The Greatest Story Never Told: Technology, Innovation, and American Oil & Gas

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Technological advances in the oilfield are helping the United States reach new heights in oil and gas production, improving American energy security and driving growth in energy exports.

Key Findings

Over the past century, a stunning series of technological advances have transformed the oil and gas industry. While numerous innovations have influenced American production, a handful of key technologies have had an outsized impact, culminating in the United States becoming the world’s largest oil and gas producer. 



The history of hydraulic fracturing innovation stretches back over 80 years.

Although the fracking techniques most commonly used today became widely known in the 1990s, the first attempt to apply fracturing technology was fifty years prior, in the 1940s.  In 1947, a company experimentally applied the process – termed “Hydrafrac” – to a well in the Hugoton Field of southwest Kansas.



Technologies like downhole cameras, advanced drill bits, and new software made the evolution of horizontal drilling possible.

Downhole cameras enabled operators to see what was happening underground as they drill, elevating engineers’ insight and understanding of the rock they were navigating. In recent years, the growth in computational power and software have also allowed geologists to accurately map planned drill paths. Additionally, single well pads become immensely more productive, as one well pad can house several highly productive horizontal wells. 



Innovators have developed impressive means to recycle produced water from oil and gas operations.

The latest recycling technologies are even converting highly saline produced water into fresh water. One water recycling company in West Texas, for example, has a zero-discharge facility that can recover over 99.7 percent of produced water. These recycling technologies help reduce the use of freshwater resources for fracking. In 2018, 90 percent of water used by Apache Corp. in its Alpine High operations was recycled or non-potable, while EOG Resources sourced 63 percent of its companywide water needs in 2018 from reuse and non-fresh sources.   


The oil and gas industry is a pioneer in use of supercomputers.

Dating back to at least the 1980s, the oil and gas sector has turned to supercomputers to crunch vast amounts of data. More recently, major producers have unveiled some of the fastest supercomputers on earth, such as BP’s Center for High-Performance Computing in Houston, Tex., or Eni’s HPC4 supercomputer in Milan, Italy, which can process 100,000 reservoir models in just over 15 hours.



Science, not science fiction: cutting edge technology is ubiquitous in the oilfield, including artificial intelligence, cloud computing, and robots.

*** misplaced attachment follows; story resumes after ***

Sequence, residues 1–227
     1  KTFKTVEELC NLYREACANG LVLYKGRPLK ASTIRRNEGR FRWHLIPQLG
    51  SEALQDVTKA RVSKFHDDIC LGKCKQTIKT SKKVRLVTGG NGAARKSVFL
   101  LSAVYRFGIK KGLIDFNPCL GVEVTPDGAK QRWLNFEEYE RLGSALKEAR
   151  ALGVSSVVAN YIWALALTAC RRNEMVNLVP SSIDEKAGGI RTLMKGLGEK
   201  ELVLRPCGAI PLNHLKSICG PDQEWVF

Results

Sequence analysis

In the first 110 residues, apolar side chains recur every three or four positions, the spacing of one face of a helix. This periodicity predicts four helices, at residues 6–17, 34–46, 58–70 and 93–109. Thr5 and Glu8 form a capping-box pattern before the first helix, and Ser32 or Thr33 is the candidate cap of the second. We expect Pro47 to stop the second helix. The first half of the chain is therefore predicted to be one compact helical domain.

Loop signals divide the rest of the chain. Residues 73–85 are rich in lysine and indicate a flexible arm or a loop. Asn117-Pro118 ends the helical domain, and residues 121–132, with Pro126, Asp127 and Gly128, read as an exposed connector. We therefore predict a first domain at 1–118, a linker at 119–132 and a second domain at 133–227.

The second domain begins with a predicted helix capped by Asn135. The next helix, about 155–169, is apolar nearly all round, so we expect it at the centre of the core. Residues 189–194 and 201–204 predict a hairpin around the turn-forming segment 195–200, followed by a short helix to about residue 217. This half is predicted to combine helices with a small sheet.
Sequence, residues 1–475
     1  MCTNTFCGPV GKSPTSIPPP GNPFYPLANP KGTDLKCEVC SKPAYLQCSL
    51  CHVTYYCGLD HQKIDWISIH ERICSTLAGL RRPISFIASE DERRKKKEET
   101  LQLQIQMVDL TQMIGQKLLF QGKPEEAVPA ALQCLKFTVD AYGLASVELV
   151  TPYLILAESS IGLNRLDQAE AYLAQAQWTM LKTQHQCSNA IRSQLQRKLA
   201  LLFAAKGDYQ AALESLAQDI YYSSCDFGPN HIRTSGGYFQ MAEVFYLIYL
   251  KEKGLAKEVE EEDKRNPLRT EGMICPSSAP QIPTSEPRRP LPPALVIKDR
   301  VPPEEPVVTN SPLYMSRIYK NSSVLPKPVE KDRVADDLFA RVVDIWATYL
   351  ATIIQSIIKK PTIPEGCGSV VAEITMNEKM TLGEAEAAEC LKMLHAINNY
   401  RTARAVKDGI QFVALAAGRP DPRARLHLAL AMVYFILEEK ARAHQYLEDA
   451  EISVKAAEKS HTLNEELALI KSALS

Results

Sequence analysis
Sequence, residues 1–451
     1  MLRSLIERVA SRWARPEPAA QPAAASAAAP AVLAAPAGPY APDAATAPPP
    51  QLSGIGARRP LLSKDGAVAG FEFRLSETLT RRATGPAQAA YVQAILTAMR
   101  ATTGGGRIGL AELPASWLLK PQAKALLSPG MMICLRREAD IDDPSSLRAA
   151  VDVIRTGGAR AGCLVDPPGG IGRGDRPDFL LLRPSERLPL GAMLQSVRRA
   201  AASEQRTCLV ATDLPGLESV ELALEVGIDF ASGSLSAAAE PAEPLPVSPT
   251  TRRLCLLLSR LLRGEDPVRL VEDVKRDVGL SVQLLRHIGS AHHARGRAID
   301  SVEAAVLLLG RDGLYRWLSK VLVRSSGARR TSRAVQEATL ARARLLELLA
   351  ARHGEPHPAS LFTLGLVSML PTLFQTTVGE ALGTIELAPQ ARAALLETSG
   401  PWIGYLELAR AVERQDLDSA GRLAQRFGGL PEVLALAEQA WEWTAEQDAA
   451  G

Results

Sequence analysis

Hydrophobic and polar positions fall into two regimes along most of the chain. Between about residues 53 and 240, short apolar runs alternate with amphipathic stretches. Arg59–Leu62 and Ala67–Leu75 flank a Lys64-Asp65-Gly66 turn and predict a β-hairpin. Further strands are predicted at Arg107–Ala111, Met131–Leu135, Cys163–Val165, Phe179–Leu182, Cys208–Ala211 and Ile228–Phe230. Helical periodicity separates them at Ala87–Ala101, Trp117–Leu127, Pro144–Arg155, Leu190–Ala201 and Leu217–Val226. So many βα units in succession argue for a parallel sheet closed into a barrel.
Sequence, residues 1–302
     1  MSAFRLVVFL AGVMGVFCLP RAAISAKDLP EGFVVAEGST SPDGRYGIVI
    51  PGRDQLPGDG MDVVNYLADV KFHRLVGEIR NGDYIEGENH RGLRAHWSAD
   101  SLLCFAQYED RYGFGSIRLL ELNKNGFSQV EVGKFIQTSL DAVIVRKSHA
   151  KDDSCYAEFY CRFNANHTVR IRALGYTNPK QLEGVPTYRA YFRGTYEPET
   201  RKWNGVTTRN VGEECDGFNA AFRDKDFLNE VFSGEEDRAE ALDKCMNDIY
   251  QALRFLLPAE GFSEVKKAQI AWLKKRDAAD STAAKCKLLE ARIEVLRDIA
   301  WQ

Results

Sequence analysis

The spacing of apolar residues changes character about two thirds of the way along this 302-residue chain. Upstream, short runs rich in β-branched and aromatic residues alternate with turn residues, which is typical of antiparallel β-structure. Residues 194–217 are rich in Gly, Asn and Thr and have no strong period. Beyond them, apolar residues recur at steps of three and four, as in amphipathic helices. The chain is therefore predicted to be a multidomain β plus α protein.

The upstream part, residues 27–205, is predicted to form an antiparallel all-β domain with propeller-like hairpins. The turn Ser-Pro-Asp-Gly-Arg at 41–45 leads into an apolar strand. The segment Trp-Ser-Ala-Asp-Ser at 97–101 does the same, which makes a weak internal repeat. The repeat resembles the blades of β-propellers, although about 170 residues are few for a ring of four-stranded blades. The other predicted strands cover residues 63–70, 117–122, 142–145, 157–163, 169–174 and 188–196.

From “smart PIGs” and robotic tank inspectors, to gas cloud imaging, drones, machine learning, and real-time communication across equipment through the Internet of Things, oil and gas operators are more “silicon valley” than some would think. Using these technologies, operators are able to increase production efficiency, mitigate emissions, better predict equipment malfunction and more accurately determine where resources are located. This saves time, money, and limits health and environmental risks.


Thanks to oilfield innovation over the past several decades, the United States has become a global energy powerhouse. Directional drilling, which evolved into horizontal drilling, enabled oil and gas producers to minimize surface impacts while maximizing production volumes. This feat of technology was married with hydraulic fracturing to unlock the vast U.S. shale formations and ushered in record-breaking production that has positioned the United States as a driver of the global energy market. This record-breaking development, in turn, has improved our nation’s energy security, greatly decreasing America’s reliance on foreign oil and gas while also bolstering U.S. exports.

Operators today are focused on meeting the world’s growing energy demands while also protecting the planet. A multitude of technologies continue to reduce emissions, even as production grows. This is in addition to the nearly 2.4 billion metric tons of CO2 emissions that natural gas has prevented in the U.S. since 2005. Further, energy producers are implementing new technologies and best practices to limit freshwater use, turning to recycling and reusing greater percentages of produced water in their operations.

Looking to the future, the industry will maintain its position as a technological leader, making use of powerful computing and artificial intelligence technologies, state-of-the-art sensors and imaging, and cutting-edge robotics and autonomous vehicles. Partnerships with other innovators in Silicon Valley will ensure that the oil and gas industry remains on the cutting edge of new technologies. 

The story of America’s rise to global energy dominance is a story of innovation. It’s a story of using technology to turn the impossible into the possible, and then leveraging those same technologies to address environmental concerns. As the next chapters unfold in America’s energy landscape, newer technologies and processes will deliver greater resources with even less impact, all while ensuring America retains its capacity for energy dominance.